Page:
on the lawn

This was quite a breathtaking experience, and we couldn’t help but stand and stare, and walk around to see it at different angles.

Full of confidence, we disassembled the tower and put it away for next time.

It was amazing to see something that big and heavy held up by tension, and above all to see that it was unambiguously working according to the principle I started with in the beginning: prefabricated tension

We just packed up the tension in a bag, and stacked the compression for transport.

Third time build for the photographer

We were getting better at assembling the structure from separated tension and compression, so the next time we put it together for the photography session went much more easily.

at photographer

This scenario allowed for some very nice close-ups of the parts

at photographer

It was important to capture the scale of the thing.

at photographer

Pack it up again, boys!

Off to Düsseldorf

Finally, the time had arrived that it had to be built up again in Düsseldorf for the Glasstec show.

We had all the glass tubes protected with a bit of yoga mat, so that when we put it together we could avoid glass-on-glass.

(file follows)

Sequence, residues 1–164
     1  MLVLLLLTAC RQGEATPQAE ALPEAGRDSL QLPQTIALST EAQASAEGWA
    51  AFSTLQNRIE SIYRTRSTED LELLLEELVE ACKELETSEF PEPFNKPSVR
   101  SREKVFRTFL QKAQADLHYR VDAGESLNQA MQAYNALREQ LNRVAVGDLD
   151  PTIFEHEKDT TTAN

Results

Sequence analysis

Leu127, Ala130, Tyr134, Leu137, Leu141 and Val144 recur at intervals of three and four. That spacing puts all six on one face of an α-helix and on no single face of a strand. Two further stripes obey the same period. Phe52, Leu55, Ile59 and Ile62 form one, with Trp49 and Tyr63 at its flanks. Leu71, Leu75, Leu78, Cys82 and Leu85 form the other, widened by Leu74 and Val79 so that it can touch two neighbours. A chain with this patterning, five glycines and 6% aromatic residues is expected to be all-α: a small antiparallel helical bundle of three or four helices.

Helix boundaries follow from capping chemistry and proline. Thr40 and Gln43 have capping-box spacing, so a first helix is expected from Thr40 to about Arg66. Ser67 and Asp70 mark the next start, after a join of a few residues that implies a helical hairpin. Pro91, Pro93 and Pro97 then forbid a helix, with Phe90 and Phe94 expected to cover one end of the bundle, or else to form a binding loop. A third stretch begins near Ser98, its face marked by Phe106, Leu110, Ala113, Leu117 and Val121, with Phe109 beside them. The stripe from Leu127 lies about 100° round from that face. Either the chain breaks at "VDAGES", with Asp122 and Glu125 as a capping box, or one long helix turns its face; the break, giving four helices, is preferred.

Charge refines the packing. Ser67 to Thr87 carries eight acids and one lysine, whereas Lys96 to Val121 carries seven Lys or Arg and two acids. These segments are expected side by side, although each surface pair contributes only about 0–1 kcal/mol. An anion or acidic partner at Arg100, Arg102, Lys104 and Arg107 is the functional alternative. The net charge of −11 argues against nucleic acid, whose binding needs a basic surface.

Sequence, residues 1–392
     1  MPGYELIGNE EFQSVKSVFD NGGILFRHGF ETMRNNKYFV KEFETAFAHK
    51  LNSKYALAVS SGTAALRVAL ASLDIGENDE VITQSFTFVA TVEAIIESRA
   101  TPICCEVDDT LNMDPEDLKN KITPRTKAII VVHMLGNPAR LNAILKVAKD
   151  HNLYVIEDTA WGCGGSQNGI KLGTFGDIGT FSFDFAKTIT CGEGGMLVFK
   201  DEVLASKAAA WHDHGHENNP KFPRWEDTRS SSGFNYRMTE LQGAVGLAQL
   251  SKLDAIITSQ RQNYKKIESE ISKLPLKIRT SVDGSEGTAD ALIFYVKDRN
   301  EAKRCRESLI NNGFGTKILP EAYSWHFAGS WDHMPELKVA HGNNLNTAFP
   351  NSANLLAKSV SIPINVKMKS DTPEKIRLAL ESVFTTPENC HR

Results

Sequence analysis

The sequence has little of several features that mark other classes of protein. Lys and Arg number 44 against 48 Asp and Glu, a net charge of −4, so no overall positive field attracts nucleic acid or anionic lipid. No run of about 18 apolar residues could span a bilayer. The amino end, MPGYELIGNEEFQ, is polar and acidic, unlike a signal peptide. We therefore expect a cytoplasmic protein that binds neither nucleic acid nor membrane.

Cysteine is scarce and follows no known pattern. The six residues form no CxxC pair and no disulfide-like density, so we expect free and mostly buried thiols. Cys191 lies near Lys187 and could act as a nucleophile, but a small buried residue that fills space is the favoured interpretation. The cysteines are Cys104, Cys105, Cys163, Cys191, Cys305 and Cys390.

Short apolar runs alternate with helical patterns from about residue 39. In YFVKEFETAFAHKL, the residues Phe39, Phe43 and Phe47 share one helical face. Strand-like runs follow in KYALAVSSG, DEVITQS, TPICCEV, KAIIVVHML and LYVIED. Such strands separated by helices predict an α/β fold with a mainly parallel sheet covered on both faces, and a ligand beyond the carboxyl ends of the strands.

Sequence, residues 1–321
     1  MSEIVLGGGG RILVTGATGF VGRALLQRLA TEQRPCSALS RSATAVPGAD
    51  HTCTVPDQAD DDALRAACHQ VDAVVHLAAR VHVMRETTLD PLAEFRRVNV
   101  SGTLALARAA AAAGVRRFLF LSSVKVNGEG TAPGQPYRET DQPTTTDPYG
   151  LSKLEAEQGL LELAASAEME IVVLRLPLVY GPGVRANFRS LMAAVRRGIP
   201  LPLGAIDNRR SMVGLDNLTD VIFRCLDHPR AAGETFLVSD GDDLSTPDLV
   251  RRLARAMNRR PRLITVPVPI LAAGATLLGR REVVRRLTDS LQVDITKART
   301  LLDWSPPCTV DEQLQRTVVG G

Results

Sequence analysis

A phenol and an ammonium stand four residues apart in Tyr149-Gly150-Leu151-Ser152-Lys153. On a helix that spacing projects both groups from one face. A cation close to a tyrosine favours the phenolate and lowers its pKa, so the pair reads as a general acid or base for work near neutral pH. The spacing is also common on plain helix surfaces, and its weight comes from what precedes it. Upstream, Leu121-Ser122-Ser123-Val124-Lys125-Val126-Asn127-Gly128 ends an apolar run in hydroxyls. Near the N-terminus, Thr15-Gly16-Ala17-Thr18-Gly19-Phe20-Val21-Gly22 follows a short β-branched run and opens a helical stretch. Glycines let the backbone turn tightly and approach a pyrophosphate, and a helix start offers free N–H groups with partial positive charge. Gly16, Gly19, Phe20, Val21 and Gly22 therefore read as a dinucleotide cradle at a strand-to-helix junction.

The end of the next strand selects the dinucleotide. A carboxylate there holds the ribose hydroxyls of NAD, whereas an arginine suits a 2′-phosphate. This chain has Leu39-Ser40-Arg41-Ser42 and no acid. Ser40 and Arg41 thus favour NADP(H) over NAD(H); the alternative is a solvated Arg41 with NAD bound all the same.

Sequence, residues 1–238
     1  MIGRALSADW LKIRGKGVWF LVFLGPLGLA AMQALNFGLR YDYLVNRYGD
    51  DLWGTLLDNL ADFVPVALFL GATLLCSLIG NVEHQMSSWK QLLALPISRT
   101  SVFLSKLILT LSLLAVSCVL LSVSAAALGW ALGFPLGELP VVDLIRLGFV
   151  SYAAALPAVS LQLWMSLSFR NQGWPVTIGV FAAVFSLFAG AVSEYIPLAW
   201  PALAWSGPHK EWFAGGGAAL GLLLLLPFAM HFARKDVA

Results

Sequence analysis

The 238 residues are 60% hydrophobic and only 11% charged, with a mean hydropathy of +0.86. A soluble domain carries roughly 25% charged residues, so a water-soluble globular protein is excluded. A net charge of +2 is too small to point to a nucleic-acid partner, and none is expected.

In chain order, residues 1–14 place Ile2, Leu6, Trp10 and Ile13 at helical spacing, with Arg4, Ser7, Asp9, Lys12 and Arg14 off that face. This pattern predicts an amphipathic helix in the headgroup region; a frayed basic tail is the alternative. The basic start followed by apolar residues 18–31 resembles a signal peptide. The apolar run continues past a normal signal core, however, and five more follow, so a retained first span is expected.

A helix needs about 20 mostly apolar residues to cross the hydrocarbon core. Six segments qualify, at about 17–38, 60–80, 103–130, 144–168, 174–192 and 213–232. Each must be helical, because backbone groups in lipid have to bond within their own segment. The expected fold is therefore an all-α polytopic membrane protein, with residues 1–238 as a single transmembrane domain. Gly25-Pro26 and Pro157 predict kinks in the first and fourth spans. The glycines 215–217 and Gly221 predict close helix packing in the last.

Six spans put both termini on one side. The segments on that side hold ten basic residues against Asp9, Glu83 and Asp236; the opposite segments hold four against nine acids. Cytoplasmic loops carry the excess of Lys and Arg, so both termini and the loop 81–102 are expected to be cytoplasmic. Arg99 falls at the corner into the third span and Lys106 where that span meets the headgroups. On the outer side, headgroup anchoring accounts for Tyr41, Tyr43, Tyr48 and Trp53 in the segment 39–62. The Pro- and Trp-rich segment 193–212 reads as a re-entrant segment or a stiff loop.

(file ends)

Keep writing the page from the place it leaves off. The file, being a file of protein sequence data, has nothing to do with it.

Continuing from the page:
Here, the tension is still separate.

at glasstec

Working with Joël, we inserted the first few bars in the huge show hall, while everyone else was also building up their elaborate displays.

at glasstec

Things did not go off without a hitch!

There were some problems with the signal wires of the LED strips, so the team had some serious last-minute problems to figure out.

This involved some intricate disassembling, fixing, and re-assembling the glass tube constructions.

at glasstec

Inside every glass tube was a square profile aluminum bar with LED strips along each side.

at glasstec

They had even made a poster with pictures, along with the rather speculative Blender renderings I had made from my more complicated constructions.

at glasstec

There was a lot of work to do getting all the wiring back in place, and it would have been a lot quicker if things had not gone wrong within the tubes themselves.

at glasstec

Ultimately, we were able to get it all upright and tight and lit with the LEDs for the show.

It was a fairly stressful adventure, but a great team.

at glasstec


Mission accomplished!

And absolutely a team effort in which I played just one role.

The most important thing is that the people from Schott AG had a spectacular and peculiar object for the show.

It proved to be a favorite place for many people to take selfies.


Take a closer look:

Now we want to build even bigger and better things. Got an idea? Let me know.